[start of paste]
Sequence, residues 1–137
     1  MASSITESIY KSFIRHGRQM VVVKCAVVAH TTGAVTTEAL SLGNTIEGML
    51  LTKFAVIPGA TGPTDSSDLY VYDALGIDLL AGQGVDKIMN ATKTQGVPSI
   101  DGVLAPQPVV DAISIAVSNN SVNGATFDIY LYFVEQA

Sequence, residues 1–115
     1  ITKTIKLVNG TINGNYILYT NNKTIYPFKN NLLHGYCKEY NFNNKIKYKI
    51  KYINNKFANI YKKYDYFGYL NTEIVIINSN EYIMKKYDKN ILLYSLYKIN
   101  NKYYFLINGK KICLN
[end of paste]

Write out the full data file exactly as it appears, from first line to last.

Sequence, residues 1–137
     1  MASSITESIY KSFIRHGRQM VVVKCAVVAH TTGAVTTEAL SLGNTIEGML
    51  LTKFAVIPGA TGPTDSSDLY VYDALGIDLL AGQGVDKIMN ATKTQGVPSI
   101  DGVLAPQPVV DAISIAVSNN SVNGATFDIY LYFVEQA

Sequence, residues 1–115
     1  ITKTIKLVNG TINGNYILYT NNKTIYPFKN NLLHGYCKEY NFNNKIKYKI
    51  KYINNKFANI YKKYDYFGYL NTEIVIINSN EYIMKKYDKN ILLYSLYKIN
   101  NKYYFLINGK KICLN